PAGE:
Lucidchart is one of the most popular online modeling tools. Lucidchart is built with open web standards and offers real-time collaboration, integration with many other tools (Google Drive, Office 365, JIRA, Confluence, Slack) and support for the most popular modeling notations like ER, BPMN, and UML.
We first covered Lucidchart a couple of years ago but since then Lucid Software (company behind Lucidchart) has grown in revenue by over 100 percent each year and, more importantly, it recently raised 36 million dollars to fund its expansion, joining the very few software modeling companies to raise a significant amount of external funding (the others being OutSystems and Mendix). I think this is a good excuse to revisit Lucidchart, see how it has evolved since then, and what the roadmap for the tool looks like.
Dave Grow, Chief Operating Officer at Lucid, will be joining us to answer these and other questions about Lucidchart. Enjoy!
Q – Your investment round seems to confirm the growing interest for online diagramming / modeling tools. My own personal feeling is that web-based tools offer a very good trade-off for the increasing market of software teams looking for a “lightweight” modeling solution (in contrast to more powerful full-fledged MDE environments with a steeper learning curve and offering additional services, like code-generation or creation of new domain-specific languages, that they may not be interested in). Would you agree ? How do you position Lucidchart in the global domain on model-driven engineering tools?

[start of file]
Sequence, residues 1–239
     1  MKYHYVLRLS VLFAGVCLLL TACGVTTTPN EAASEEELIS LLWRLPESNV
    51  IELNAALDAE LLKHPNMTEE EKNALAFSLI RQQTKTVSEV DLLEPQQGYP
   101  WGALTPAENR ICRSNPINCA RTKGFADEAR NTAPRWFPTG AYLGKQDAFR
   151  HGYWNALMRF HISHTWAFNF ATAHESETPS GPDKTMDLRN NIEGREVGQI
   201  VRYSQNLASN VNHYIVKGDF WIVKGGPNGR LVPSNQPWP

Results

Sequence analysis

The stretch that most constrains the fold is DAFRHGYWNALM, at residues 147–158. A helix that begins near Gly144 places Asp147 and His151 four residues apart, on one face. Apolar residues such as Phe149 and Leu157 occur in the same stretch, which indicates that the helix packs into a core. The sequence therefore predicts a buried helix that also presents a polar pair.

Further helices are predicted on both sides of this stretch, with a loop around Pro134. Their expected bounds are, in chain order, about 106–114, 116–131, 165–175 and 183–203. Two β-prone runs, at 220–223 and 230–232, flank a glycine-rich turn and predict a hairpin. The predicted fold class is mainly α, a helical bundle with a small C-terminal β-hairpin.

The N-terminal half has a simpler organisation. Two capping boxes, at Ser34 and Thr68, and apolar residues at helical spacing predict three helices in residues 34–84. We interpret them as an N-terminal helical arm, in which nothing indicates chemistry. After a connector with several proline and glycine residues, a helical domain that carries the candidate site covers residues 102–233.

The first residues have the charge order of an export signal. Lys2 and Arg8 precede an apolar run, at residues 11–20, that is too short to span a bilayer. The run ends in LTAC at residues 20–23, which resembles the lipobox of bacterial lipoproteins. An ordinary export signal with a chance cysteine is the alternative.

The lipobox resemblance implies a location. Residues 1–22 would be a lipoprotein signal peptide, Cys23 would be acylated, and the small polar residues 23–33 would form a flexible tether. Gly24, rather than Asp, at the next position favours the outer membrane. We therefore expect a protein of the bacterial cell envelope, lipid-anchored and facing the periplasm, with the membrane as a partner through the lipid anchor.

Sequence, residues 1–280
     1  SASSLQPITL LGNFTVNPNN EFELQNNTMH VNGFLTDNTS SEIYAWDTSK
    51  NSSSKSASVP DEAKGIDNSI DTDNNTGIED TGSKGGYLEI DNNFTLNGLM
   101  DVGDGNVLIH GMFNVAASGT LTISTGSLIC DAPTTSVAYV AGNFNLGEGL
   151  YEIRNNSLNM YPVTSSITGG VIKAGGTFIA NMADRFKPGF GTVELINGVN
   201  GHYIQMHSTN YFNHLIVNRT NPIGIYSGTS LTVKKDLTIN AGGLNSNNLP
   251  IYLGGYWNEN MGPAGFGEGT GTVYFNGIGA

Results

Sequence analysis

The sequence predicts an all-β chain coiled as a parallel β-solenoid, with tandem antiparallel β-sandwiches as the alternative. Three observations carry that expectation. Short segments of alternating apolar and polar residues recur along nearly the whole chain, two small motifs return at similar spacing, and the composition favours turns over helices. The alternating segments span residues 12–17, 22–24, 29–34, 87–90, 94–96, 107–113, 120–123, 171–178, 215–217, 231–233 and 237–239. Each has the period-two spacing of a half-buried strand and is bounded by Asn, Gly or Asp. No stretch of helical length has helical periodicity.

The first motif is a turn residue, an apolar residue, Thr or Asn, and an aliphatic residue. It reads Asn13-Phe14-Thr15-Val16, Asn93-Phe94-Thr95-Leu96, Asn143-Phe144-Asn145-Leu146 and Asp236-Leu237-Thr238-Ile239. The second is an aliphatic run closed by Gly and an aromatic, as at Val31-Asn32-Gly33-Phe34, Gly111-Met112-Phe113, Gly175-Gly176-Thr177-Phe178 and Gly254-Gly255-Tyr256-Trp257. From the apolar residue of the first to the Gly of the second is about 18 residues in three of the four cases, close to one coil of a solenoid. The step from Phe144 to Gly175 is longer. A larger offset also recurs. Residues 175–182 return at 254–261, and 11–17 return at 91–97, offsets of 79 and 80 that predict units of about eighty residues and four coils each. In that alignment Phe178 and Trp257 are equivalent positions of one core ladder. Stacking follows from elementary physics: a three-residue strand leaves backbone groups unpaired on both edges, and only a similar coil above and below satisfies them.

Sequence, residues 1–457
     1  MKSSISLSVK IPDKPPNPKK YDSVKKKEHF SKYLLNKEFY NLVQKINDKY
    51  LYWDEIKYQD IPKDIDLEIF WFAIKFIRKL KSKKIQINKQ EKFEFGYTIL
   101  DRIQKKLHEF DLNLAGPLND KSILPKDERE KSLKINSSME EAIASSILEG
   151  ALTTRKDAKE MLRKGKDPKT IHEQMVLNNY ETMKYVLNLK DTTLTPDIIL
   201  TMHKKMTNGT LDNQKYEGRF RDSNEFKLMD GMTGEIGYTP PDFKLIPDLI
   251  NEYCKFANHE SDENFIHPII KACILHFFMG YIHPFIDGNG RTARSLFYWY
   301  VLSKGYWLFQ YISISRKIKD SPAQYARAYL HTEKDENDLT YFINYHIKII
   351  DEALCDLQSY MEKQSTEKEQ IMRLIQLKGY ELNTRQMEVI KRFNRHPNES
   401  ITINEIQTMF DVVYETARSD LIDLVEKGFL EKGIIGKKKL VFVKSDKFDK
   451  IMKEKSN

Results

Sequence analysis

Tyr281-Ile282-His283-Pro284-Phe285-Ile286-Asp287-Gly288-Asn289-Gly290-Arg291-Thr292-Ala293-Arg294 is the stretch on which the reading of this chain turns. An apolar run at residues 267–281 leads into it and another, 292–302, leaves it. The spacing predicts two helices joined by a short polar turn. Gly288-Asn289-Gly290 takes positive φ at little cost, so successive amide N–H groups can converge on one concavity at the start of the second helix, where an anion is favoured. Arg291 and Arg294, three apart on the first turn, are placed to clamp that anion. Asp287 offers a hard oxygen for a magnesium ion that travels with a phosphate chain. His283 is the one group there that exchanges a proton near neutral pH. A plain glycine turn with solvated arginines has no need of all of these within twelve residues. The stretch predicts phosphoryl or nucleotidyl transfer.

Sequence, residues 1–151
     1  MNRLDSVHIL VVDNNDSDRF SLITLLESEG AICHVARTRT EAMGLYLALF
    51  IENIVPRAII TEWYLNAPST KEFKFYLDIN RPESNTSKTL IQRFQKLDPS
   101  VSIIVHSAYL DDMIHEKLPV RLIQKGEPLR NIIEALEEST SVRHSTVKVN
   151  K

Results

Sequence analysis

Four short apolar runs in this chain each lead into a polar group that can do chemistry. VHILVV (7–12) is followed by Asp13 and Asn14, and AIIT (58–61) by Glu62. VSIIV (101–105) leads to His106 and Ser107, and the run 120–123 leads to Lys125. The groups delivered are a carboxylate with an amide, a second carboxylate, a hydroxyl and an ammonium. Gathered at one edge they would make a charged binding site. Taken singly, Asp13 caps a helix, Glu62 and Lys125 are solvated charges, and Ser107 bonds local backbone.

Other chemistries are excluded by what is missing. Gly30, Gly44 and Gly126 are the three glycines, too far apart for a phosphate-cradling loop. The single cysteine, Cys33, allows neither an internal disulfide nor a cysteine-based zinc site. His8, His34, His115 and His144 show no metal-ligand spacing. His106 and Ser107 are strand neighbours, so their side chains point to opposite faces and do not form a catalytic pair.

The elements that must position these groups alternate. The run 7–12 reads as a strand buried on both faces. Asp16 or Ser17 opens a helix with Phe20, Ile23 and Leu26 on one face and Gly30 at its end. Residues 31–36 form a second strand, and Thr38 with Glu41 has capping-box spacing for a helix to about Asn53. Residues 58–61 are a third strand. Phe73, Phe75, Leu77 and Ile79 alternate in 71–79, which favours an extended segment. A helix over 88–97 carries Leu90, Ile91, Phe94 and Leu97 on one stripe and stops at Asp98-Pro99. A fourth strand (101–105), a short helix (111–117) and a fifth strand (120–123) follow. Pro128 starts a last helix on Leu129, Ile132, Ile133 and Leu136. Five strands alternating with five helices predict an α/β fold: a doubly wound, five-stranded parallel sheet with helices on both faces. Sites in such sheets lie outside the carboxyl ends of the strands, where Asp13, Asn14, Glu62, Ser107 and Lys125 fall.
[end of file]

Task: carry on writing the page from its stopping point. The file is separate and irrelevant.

A – I strongly agree. Most software teams are open to embracing a lighter solution that also provides the benefits of collaboration, access everywhere, etc. Most of the value comes from not only designing new systems and features, but also aligning teams around those designs and plans. Unlike those traditional tools, Lucidchart provides a solution that makes it easy to create, collaborate and align.
Q – Let’s start from the beginning: Why Lucidchart? Why did you decide to create this tool? What problem were you trying to solve? Why did you choose as your motto the sentence “Diagrams done right” ?